Pedestrian traffic on Causeway eases on Friday afternoon but vehicular congestion persists

Screengrabs from traffic cameras showing jams around the Causeway.
Screengrabs from traffic cameras showing jams around the Causeway.PHOTO: LTA
Fed up with the traffic jams, hundreds of commuters from Malaysia decided to cross the Causeway on foot yesterday. Some waited for more than an hour to enter Singapore. The jams were due to stepped-up checks after the terrorist attacks in Paris and i
Fed up with the traffic jams, hundreds of commuters from Malaysia decided to cross the Causeway on foot yesterday. Some waited for more than an hour to enter Singapore. The jams were due to stepped-up checks after the terrorist attacks in Paris and increased holiday season traffic. PHOTO: SHIN MIN DAILY NEWS READER
Long queues at the Causeway yesterday morning.
Long queues at the Causeway yesterday morning. PHOTO: SHIN MIN DAILY NEWS READER
Long queues at the Causeway yesterday morning.
Long queues at the Causeway yesterday morning. PHOTO: SHIN MIN DAILY NEWS READER

SINGAPORE - Pedestrian traffic across the Causeway appeared to have returned to normal on Friday afternoon (Dec 18) after massive jams the day before forced hundreds to cross into Singapore on foot.

Many heading into Singapore via the Woodlands Checkpoint on Friday evening said that they did not experience long waiting times, with a processing time of less than an hour.

However, some The Straits Times spoke to said that this could be because fewer people cross into Singapore in the evening. "Fewer people work the night shift, so the crowd is smaller," said Mr Yusop Sarip, 32, a technician who lives in Johor but works in Singapore. 

There was however heavy traffic in both directions at the checkpoint, with the jam stretching the length of the Causeway at 6pm. Bumper-to bumper traffic could be seen on Land Transport Authority traffic cameras from as early as 4.30pm. 

Johor Lorry Association president Anthony Tan was quoted in Malaysian paper, The New Straits Times, as saying that the congestion has gone from bad to worse.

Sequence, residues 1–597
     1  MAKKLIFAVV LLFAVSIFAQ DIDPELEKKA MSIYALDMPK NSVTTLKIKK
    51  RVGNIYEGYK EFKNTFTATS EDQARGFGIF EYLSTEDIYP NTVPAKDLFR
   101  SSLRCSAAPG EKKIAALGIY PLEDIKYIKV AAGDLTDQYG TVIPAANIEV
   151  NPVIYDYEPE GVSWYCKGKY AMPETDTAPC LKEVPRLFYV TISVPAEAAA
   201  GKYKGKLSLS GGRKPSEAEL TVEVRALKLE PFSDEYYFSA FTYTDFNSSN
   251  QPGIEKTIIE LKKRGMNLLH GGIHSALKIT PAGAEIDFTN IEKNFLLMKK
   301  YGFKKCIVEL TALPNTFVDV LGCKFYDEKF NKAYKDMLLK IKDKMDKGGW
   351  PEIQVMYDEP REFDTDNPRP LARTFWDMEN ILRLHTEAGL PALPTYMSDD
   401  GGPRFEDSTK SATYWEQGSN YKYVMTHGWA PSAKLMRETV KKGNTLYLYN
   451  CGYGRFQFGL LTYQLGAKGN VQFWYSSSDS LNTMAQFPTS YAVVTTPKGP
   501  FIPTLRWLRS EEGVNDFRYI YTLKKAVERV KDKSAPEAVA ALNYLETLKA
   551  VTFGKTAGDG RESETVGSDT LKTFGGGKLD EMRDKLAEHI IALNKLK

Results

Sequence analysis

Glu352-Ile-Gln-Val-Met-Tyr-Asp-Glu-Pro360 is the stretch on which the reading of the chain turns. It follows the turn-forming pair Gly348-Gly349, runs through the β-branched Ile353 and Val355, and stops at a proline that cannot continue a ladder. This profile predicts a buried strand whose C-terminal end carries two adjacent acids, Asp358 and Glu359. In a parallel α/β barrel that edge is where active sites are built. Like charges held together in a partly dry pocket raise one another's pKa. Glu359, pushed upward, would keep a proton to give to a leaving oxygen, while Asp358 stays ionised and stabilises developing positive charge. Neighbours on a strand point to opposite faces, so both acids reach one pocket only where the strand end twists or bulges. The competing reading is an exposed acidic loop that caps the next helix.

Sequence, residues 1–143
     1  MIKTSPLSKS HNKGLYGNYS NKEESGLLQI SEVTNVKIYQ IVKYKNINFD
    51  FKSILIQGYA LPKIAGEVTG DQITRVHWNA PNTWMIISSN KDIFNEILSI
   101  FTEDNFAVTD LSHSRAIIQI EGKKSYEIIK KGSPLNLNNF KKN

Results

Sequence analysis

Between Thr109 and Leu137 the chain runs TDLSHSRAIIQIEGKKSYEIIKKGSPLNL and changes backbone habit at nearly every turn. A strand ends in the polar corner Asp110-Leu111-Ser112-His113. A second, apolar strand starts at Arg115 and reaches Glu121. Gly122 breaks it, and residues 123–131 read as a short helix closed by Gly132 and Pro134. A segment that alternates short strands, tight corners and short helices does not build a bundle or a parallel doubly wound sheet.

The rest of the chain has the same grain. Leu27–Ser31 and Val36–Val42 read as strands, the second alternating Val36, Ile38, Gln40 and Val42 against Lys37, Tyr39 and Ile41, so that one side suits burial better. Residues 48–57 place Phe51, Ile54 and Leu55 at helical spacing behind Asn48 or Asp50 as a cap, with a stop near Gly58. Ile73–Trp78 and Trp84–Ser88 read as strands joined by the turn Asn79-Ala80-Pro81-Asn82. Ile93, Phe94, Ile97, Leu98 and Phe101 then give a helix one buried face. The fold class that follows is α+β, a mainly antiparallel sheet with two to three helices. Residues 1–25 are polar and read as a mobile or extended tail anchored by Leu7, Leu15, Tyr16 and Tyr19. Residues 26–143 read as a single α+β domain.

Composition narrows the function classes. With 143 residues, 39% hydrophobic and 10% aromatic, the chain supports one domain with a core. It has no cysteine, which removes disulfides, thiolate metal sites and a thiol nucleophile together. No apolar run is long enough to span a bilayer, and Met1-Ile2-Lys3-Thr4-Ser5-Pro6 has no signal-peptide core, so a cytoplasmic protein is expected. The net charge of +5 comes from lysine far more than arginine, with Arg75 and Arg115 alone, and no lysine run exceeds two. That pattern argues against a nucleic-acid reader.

He said the security checks have affected more than 3,000 lorries plying in and out of Singapore from the Causeway. Mr Tan claimed drivers complained about having to wait more than six hours to clear the checkpoint.

On Thursday morning, snaking queues were seen on both vehicle lanes and pedestrian lanes on the Causeway, as people fed up with traffic jams took to crossing on foot instead.

There was congestion as hundreds of commuters from Malaysia decided to walk to the Woodlands Checkpoint to enter Singapore.

The jams, which began at about 5am on Thursday, were due to stepped-up security at checkpoints into Singapore after the terrorist attacks in Paris, as well as increased traffic due to the Christmas season, reported Chinese evening daily Lianhe Wanbao.

Pedestrians from Malaysia had to wait for more than an hour to enter Singapore, said Shin Min Daily News. Some gave up and turned back, while others joked about swimming across, said the Chinese papers. Police manpower was increased on both sides of the Causeway, and traffic eased at about 8am. Traffic was reportedly smooth at the Tuas Checkpoint.


Long queues at the Causeway yesterday. PHOTO: SHIN MIN DAILY NEWS READER

The traffic jams at the causeway have had a knock-on effect on the availability of train tickets between Johor Baru and Woodlands checkpoint, making them harder to obtain than ever, Lianhe Wanbao reported.

Taking the train helps commuters avoid the jams, thus the tickets were always popular. They are snapped up nearly one month in advance, on the day that they are released.

For example, the tickets for Jan 18, 2016 are available from Sunday (Dec 20), and one commuter Mr Zhang, 61, told Wanbao that he will go to the train station at 4am to attempt to buy one.

He said that when the train service started in July, he could get tickets if he queued at 6am, but recently, they are sold out by then.

Some commuters wait at the ticket counter in Johor Baru in case there are places due to last minute refunds, Wanbao said.

A version of this article appeared in the print edition of The Straits Times on December 18, 2015, with the headline 'Causeway sees long queues for commuters on foot'. Print Edition | Subscribe